Kentucky workers who survived tornado say candle factory should have been closed that night

For Kyanna Parsons-Perez and Andrea Miranda, last Friday will be a night they’ll never forget. Despite tornado warnings, both were set to work the night shift at the Mayfield Consumer Products candle factory in southwestern Kentucky. That night, both women were trapped for two hours after a tornado ripped through the production plant and the building collapsed.

Video transcript


- The destruction was instantaneous, as many homes were tossed in the air in last weekend's tornado outbreak across six states in the midwest.

- Devastation in Mayfield, Kentucky after a tornado ripped through that town of about 10,000 people.

- Governor, thanks for joining us. I heard you say late today that this could very well be the worst tornado event in your state's history.

ANDY BESHEAR: It is the worst tornado event. 200 miles just in Kentucky of pure devastation.

JERICKA DUNCAN: Scores of people remain unaccounted for tonight with dwindling hope of finding them alive.

- But those who survived, many of whom are left with only the clothes on their back, are now facing a daunting path toward recovery.


ANDREA MIRANDA: And I just hear everybody screaming, yelling, I'm going to die. And anything that you can imagine. My family, my kid, my husband, my wife. That's what I been heard. I was screaming about family, myself, everything. There was a lot of suffering on those two hours and a half that we were trapped.

KYANNA PARSONS-PEREZ: My faith helped me keep my faith. My faith in God, my faith that he won't leave me.

- Among the most significant damage, a candle factory in Mayfield, Kentucky where about 110 people were on the job Friday night when the tornado obliterated the plant. Two of those workers are Andrea Miranda and Kyanna Parsons-Perez. Andrea had moved to Kentucky from Puerto Rico two years ago to be able to earn more money than she was making on the island. Kyanna had just begun working at the plant in early November.

Both women ducked for shelter in the same area of the factory.

ANDREA MIRANDA: I just lay on the shelter area where they move us whenever the warning [INAUDIBLE] starts. We were there no more than five minutes. We feel the wind coming through the doors. And what I just remember is the building went to left, right, and boom, collapsed.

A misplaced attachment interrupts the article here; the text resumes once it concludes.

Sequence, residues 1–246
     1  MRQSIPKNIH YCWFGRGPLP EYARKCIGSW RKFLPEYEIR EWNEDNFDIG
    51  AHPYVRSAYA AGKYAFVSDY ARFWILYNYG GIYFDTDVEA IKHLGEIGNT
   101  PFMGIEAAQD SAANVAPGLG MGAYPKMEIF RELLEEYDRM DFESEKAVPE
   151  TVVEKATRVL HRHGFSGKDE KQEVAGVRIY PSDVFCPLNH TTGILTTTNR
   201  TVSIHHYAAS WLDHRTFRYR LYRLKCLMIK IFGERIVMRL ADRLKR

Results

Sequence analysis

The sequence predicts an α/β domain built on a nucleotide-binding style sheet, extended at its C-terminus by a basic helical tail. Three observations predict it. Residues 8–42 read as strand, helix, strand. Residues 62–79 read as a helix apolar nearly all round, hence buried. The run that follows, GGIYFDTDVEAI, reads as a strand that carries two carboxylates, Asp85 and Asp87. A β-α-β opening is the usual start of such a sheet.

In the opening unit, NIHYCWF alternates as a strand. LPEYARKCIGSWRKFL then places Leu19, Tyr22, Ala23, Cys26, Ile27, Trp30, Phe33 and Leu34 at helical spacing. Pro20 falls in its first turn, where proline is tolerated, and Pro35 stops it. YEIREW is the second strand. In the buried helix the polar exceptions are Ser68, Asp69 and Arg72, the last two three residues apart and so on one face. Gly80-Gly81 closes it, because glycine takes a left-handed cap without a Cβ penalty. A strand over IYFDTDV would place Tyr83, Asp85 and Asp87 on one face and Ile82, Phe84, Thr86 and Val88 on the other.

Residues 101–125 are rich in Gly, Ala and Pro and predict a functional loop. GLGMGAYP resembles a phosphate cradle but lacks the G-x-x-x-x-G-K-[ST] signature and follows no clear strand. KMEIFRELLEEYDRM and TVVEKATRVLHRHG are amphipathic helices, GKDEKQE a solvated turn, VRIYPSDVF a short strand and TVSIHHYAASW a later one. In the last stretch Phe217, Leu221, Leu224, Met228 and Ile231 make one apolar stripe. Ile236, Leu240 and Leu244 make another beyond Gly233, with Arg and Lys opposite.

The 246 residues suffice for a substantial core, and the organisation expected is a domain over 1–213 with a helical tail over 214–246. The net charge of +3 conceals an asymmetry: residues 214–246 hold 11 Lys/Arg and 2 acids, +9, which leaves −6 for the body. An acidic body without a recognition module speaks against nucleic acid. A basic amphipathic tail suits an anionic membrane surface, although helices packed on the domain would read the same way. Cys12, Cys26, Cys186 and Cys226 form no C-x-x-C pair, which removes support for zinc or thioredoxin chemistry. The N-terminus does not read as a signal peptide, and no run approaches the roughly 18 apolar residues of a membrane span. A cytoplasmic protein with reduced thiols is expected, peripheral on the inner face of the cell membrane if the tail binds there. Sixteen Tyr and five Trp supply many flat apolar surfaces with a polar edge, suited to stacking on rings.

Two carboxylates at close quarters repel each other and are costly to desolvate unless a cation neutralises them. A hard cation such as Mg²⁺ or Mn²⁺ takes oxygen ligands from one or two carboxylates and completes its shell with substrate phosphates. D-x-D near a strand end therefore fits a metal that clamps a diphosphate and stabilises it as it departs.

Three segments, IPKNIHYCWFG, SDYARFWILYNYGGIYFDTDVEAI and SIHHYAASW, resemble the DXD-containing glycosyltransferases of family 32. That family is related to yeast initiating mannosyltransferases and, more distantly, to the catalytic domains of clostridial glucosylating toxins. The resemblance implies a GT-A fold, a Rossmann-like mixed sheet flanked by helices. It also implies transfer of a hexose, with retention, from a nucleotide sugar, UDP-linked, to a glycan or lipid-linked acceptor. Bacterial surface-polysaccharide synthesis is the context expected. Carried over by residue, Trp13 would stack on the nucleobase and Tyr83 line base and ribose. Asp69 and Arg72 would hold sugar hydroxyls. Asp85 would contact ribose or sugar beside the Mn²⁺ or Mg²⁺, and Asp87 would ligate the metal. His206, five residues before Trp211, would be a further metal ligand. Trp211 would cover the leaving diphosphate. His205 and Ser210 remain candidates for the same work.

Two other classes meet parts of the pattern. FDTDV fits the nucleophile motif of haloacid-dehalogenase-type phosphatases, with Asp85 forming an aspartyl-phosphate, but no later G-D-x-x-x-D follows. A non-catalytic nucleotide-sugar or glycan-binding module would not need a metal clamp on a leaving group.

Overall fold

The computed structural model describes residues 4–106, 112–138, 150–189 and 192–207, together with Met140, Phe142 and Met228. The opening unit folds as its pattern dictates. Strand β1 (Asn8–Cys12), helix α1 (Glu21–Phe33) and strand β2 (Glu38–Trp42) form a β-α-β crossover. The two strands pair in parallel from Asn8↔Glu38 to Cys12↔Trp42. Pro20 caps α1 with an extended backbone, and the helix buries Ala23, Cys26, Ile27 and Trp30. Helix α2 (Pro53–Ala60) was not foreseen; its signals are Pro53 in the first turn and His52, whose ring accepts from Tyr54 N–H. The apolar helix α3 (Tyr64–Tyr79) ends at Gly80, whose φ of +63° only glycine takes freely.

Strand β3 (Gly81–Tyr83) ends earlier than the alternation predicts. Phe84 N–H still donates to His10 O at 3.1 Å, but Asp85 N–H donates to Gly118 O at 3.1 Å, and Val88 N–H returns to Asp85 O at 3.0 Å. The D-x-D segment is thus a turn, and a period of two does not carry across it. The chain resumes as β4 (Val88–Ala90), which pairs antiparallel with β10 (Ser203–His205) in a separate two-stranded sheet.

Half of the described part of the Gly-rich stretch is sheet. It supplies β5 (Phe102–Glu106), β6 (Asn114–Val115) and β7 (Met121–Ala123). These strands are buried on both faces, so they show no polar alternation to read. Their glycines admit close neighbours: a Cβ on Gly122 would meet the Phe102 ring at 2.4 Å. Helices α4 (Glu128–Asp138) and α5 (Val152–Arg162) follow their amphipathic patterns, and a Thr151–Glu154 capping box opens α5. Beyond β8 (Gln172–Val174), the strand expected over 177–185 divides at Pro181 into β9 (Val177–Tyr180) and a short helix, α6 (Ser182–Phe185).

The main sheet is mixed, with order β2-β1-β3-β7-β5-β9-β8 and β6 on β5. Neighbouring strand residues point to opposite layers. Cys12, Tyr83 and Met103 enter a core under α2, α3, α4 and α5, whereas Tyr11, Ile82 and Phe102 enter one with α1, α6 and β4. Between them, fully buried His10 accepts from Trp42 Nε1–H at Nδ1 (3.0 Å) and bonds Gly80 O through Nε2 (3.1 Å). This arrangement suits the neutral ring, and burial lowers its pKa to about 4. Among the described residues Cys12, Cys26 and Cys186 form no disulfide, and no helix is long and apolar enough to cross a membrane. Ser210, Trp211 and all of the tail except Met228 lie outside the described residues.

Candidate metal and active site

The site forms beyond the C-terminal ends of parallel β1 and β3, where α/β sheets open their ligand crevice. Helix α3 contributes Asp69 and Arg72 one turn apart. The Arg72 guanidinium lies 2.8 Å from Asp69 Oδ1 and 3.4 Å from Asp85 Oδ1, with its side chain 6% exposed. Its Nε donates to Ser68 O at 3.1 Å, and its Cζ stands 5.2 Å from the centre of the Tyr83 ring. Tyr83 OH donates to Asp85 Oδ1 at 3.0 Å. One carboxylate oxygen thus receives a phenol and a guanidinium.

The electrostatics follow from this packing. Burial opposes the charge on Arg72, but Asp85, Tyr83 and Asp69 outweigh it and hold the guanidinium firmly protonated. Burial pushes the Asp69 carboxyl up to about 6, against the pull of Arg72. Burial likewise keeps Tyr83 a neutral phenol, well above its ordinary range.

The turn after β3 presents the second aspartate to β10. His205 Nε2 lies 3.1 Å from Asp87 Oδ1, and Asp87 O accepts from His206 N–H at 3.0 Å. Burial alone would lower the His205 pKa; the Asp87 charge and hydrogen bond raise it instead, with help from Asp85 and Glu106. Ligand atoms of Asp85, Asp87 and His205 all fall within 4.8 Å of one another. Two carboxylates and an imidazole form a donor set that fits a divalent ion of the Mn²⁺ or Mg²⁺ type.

KYANNA PARSONS-PEREZ: She was underneath me on this side. She was just screaming and kind of wailing. And I'm like, Andrea. And at one point, she had passed out. And I was like, uh-uh, baby.

- At least eight people died from the tornadoes at the local candle factory. Among those, Andrea's and Kyanna's close friend.

ANDREA MIRANDA: We were very similar in that I know that I want to see that face, that smile, that comment like, OK, girl. Slay. You look cute. That's very touching for me.

- But why its workers kept making scented candles as a tornado bore down in the region remains unclear.

KYANNA PARSONS-PEREZ: I wish they had said, you know what? Because of the weather, the impending weather, y'all don't come in tonight. Then Janine would still be here, and Devin would still be here, Kayla, Jill, and the others. I don't know everyone's name. And then people wouldn't be in the hospital with broken bones.

ANDREA MIRANDA: What I think was wrong is make us work in that day that they know that it was going to be a really bad weather.

- The National Weather Service had issued several alerts of extreme weather conditions beginning at least a day before the tornado swept through the area. Andrea recalls asking her boss multiple times prior to that Friday if employees had to come into work. She was told, yes. Several factory workers spoke out saying they were threatened with firing if they left before the tornado made landfall. Kyanna says it was negligence on behalf of management for not letting their employees seek proper shelter elsewhere and for allowing them to work under life-threatening conditions.

KYANNA PARSONS-PEREZ: I know that these corporations and these businesses like this, they take advantage of the people in these positions.

- The Mayfield Candle Factory was the third biggest employer in Western Kentucky. Scented candles made in the plant would be found on the shelves of prominent US retailers across the United States. Kyanna, who makes $14 an hour working 10 hour shifts, says people who filled in these positions of hard labor are 85% Black or Latinx.

KYANNA PARSONS-PEREZ: It was business. They're business people. They're about their money. And so they just did what they know to do. They don't think about us.

- For Kyanna, oftentimes natural disasters uncover the inequity there is in big production plants. A lot of the candles made as of now were for the springtime. Kyanna says the high demand for Christmas scented candles was over with. That means for emergency disasters like the over 30 tornadoes that ripped through the midwest, Kyanna says her coworkers, including herself, should have been cleared to not come into work for a night.

KYANNA PARSONS-PEREZ: It was a tornado. But at the same time, I feel like somebody should be held accountable. But who do you hold accountable for something like that?

- As Andrea's and Kyanna's community of Mayfield continued to mourn the loss of lives from the devastating destruction, they both hold onto their faith that helped them stay alive underneath the rubble.

ANDREA MIRANDA: There's a God up there looking and protecting us at all times. At all times. And everything will be better maybe not tomorrow, not next day, but one day will be better than we were before the tornado. I hope so.